“Is something the matta?” she asked.
To my left was an attractive young woman in a beige blouse with the sleeves turned up. Several inches from her eyes was a magazine she seemed to be reading. I noticed her thin light-brown hair in a bun and crossed legs. She glanced over the page at me and delicately plucked an onion ring from her oversized martini glass.
“Nah, I’m good,” I nodded.
“You weh starin’ into space,” she said.
“Where you from, London?”
I smirked, shook my head, and took a sip.
I never caught her name but she reminded me of Diane Keaton’s character Theresa Dunn in Looking for Mr. Goodbar, only a bit more subdued. She was a slender gal with little jewelry and flat shoes. Her boyfriend was stationed somewhere overseas and every now and then her buds would thirst for some quality Upper West Side grub, so she told me.
“Some race earlier, huh?”
“Smarty Jones,” I explained.
“I’m not one for the horses, but I heh’d it was excitin’. Ya hee with someone?” she asked.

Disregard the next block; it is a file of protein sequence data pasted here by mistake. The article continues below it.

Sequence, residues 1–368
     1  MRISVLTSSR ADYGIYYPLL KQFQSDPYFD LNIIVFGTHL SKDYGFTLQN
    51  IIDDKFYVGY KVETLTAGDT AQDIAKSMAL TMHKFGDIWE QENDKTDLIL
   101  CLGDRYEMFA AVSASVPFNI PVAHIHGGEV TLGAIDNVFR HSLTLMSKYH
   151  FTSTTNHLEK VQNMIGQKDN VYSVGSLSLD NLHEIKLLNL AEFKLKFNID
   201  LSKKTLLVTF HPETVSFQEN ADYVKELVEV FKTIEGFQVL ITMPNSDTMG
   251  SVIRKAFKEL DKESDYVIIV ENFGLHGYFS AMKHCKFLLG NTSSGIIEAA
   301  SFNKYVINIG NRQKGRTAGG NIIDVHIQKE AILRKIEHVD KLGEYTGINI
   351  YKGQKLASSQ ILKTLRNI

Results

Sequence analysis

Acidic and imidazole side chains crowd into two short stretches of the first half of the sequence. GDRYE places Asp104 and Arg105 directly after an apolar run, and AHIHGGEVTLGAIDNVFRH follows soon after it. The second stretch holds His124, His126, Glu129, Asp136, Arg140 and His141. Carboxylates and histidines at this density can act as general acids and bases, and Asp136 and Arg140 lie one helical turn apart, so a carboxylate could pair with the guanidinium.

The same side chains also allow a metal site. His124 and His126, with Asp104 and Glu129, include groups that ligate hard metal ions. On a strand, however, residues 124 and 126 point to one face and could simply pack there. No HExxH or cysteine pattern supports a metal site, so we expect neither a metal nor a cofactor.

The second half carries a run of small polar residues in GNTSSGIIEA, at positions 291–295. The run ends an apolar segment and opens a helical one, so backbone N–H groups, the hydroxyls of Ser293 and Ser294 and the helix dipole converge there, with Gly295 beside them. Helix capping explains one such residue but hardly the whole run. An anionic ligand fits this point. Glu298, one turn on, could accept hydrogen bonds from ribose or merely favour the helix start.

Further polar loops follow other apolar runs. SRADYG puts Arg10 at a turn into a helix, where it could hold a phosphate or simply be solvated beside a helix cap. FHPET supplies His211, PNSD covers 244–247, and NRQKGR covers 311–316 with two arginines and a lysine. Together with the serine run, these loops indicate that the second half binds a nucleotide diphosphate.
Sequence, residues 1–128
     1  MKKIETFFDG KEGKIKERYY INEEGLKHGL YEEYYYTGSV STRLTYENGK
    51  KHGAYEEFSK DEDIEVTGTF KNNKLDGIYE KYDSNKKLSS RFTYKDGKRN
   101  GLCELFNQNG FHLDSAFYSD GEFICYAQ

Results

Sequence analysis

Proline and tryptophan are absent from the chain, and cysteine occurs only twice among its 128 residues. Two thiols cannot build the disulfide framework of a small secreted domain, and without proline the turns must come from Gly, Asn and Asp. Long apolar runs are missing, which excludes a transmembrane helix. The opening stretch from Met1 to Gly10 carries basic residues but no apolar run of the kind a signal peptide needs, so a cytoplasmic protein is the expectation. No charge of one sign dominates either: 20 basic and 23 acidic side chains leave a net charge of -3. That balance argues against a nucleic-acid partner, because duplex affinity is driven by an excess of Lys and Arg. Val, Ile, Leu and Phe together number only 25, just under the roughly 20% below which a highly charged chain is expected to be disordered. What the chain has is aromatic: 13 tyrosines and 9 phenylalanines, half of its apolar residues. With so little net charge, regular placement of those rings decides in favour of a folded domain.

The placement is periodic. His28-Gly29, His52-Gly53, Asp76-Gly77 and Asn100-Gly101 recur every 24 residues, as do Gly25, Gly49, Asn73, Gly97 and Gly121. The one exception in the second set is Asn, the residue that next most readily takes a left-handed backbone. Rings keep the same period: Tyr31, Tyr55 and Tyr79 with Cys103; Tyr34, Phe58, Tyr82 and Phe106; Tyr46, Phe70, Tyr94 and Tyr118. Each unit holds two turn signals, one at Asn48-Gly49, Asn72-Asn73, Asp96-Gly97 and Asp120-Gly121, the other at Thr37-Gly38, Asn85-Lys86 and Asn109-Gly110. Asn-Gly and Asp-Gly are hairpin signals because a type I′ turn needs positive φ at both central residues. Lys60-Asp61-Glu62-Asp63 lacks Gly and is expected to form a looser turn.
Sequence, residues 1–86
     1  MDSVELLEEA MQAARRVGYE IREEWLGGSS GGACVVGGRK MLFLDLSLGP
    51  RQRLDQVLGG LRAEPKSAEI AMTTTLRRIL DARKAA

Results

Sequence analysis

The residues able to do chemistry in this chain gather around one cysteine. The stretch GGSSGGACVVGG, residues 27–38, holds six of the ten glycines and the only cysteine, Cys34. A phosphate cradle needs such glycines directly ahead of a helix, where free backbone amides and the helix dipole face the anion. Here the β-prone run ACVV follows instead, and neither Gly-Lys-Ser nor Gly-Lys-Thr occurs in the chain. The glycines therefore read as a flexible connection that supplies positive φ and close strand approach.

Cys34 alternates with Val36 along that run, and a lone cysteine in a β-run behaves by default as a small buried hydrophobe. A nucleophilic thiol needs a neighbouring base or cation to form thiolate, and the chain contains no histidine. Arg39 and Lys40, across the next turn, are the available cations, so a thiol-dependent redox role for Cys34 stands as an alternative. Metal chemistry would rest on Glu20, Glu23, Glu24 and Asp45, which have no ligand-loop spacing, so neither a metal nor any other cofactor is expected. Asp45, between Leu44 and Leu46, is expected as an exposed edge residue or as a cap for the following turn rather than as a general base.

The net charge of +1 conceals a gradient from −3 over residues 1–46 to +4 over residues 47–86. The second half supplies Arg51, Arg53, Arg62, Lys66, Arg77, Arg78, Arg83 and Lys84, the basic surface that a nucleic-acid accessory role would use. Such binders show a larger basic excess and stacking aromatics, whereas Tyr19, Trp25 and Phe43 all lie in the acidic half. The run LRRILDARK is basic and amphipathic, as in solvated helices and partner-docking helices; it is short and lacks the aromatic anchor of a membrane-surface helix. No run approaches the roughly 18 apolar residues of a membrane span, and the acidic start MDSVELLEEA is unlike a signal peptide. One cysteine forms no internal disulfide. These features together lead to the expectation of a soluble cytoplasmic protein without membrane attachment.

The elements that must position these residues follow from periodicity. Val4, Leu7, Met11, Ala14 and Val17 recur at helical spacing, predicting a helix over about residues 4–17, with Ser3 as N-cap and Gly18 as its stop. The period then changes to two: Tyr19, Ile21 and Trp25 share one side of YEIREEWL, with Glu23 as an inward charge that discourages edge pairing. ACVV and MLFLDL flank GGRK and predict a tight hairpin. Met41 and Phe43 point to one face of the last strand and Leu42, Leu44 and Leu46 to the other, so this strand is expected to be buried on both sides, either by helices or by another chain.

“Blind date, waiting, for a blind date,” I told her.
“That’s always gobs of fun.”
I thought, “Maybe I should get Theresa’s number in case Janice didn’t work out. But, what if it did, then what? I’d feel guilty. She’d understand, right? We didn’t exchange names so once Janice comes, we’ll bid farewell. But…” She stared and I stared back. The onion rings sat quietly, untouched. A television on the wall above played a ball game with no sound. Laughter erupted from a table somewhere in the place. Moments later, Janice walked in.
The hostess sat us toward the rear of the restaurant but off to the side where we spent the first few minutes talking about our online chat. Then the conversation turned another way.
“So, do you always flirt with women at a bar right before a blind date?”